Tech lobbying groups rail against tariffs

Tech lobbying groups rail against tariffs

The technology industry on Friday voiced its frustration as President TrumpDonald John TrumpFlorida GOP lawmaker says he's 'thinking' about impeachment Democrats introduce 'THUG Act' to block funding for G-7 at Trump resort Kurdish group PKK pens open letter rebuking Trump's comparison to ISIS MORE’s tariffs on roughly $34 billion worth of Chinese goods took effect.

Lobbying groups representing major technology companies voiced their displeasure with the administration's decision to go through with the tariffs.


“The decision to impose tariffs on Chinese goods will harm American consumers and businesses without addressing discriminatory and systemic Chinese trade practices and policies,” said Josh Kallmer, the vice president for policy at the Information Technology Industry Council, a lobbying group whose members include Apple, Oracle and Intel.

“It is troubling that the Administration continues to assume that the imposition of tariffs will convince China to resolve complex trade issues, and irresponsible to downplay the impact on American workers and businesses,” Kallmer continued in a statement.

The Consumer Technology Association (CTA), the largest tech lobbying association by its member count, offered similar criticism.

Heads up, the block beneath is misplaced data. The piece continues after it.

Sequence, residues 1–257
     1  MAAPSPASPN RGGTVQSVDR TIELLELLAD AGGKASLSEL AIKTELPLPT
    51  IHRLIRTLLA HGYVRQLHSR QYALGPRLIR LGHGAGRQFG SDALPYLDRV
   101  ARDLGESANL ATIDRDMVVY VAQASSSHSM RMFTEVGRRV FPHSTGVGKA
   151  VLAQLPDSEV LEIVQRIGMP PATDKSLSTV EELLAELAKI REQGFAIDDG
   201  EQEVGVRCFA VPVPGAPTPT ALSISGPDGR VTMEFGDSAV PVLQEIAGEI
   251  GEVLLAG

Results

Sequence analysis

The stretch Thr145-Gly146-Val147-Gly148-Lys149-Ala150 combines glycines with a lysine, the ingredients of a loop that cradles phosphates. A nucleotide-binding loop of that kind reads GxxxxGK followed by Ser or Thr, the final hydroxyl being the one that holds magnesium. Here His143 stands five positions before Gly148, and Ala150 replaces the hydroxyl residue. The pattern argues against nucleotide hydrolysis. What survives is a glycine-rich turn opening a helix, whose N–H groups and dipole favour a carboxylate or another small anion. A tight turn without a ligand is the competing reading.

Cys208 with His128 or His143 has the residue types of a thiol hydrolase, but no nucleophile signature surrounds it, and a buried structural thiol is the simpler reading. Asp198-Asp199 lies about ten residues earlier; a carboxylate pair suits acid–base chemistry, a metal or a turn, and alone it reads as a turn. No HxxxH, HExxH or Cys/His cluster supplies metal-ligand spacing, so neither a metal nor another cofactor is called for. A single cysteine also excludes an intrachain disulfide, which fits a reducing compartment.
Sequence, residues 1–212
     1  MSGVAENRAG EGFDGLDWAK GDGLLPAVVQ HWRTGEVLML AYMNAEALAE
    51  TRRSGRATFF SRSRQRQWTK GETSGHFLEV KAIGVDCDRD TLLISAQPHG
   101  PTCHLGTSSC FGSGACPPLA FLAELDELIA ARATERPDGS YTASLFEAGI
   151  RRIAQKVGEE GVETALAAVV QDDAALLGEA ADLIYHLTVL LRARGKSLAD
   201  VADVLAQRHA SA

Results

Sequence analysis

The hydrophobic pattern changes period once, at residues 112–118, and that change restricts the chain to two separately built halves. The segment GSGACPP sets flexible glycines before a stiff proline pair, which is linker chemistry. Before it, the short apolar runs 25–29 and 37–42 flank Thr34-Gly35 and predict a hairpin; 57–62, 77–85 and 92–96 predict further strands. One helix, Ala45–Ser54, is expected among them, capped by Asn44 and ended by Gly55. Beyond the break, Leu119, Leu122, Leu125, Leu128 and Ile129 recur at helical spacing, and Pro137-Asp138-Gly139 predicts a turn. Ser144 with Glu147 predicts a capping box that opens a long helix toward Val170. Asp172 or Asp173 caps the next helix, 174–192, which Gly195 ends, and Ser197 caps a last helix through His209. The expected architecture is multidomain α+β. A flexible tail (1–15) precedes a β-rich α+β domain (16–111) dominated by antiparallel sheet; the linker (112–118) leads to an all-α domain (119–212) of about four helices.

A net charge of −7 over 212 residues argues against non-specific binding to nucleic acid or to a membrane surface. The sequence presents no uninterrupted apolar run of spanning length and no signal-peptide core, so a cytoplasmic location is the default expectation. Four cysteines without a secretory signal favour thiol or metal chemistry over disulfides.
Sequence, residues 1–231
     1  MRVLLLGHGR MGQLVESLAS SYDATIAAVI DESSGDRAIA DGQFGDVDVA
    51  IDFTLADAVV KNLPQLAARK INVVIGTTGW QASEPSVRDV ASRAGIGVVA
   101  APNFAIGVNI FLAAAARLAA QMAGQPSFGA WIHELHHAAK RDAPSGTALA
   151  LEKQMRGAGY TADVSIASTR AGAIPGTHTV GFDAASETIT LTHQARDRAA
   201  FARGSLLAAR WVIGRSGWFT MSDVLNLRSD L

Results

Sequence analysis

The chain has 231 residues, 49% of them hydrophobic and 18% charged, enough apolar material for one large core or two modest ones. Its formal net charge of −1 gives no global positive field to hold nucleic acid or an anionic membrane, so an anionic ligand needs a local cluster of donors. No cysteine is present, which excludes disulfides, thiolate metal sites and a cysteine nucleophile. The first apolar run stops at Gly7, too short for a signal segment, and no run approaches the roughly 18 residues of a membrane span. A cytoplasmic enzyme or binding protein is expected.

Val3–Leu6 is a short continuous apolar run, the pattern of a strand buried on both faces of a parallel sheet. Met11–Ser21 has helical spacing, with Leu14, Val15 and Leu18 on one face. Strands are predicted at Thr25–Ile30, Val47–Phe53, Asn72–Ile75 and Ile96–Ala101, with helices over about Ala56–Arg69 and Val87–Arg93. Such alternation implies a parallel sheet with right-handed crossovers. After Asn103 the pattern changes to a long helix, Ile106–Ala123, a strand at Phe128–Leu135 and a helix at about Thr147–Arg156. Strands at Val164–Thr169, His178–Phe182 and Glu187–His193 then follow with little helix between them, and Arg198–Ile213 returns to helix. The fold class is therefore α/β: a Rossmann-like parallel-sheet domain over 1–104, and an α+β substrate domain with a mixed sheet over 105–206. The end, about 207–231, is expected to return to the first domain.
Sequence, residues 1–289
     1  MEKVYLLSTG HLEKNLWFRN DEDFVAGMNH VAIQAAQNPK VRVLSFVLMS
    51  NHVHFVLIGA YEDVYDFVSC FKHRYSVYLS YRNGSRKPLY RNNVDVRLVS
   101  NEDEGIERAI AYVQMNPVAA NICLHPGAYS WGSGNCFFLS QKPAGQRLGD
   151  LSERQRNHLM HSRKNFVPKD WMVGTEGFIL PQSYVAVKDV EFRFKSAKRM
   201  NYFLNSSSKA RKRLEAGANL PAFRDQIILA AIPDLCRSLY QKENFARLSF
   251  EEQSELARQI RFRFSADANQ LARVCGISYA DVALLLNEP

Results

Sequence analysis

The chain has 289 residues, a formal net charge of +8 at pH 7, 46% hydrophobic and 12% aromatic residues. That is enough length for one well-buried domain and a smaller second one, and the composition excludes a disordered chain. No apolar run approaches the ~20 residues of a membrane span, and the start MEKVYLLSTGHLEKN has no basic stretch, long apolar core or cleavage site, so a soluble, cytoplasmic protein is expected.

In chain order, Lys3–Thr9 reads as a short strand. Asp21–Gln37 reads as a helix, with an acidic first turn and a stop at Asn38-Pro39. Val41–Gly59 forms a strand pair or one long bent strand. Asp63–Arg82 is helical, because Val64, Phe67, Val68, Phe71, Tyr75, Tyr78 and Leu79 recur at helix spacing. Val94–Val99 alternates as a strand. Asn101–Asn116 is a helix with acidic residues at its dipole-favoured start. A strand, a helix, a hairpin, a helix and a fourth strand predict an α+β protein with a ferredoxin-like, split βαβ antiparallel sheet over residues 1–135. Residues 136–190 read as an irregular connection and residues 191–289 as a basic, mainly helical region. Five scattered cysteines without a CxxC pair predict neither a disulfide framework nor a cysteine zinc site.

“A trade war based on increasing tariffs hurts the United States and China, and businesses and consumers. A trade war doesn’t have winners — our markets are interconnected,” said Sage Chandler, vice president of government affairs and international trade at CTA.

“While China’s trade behavior is troubling, diplomacy through constructive bilateral processes can achieve the desired objectives without the disproportionate harm to the U.S.,” Chandler suggested in a post on the CTA website.

Multiple lobbying associations have long opposed the tariffs vocally.

The new tariffs are the result of Trump’s orders to take action against China for his belief that the country is engaging in unfair trade practices.

Trump has charged the country with stealing U.S. intellectual property and for subsidizing steel to artificially low prices, giving it unfair trade advantage.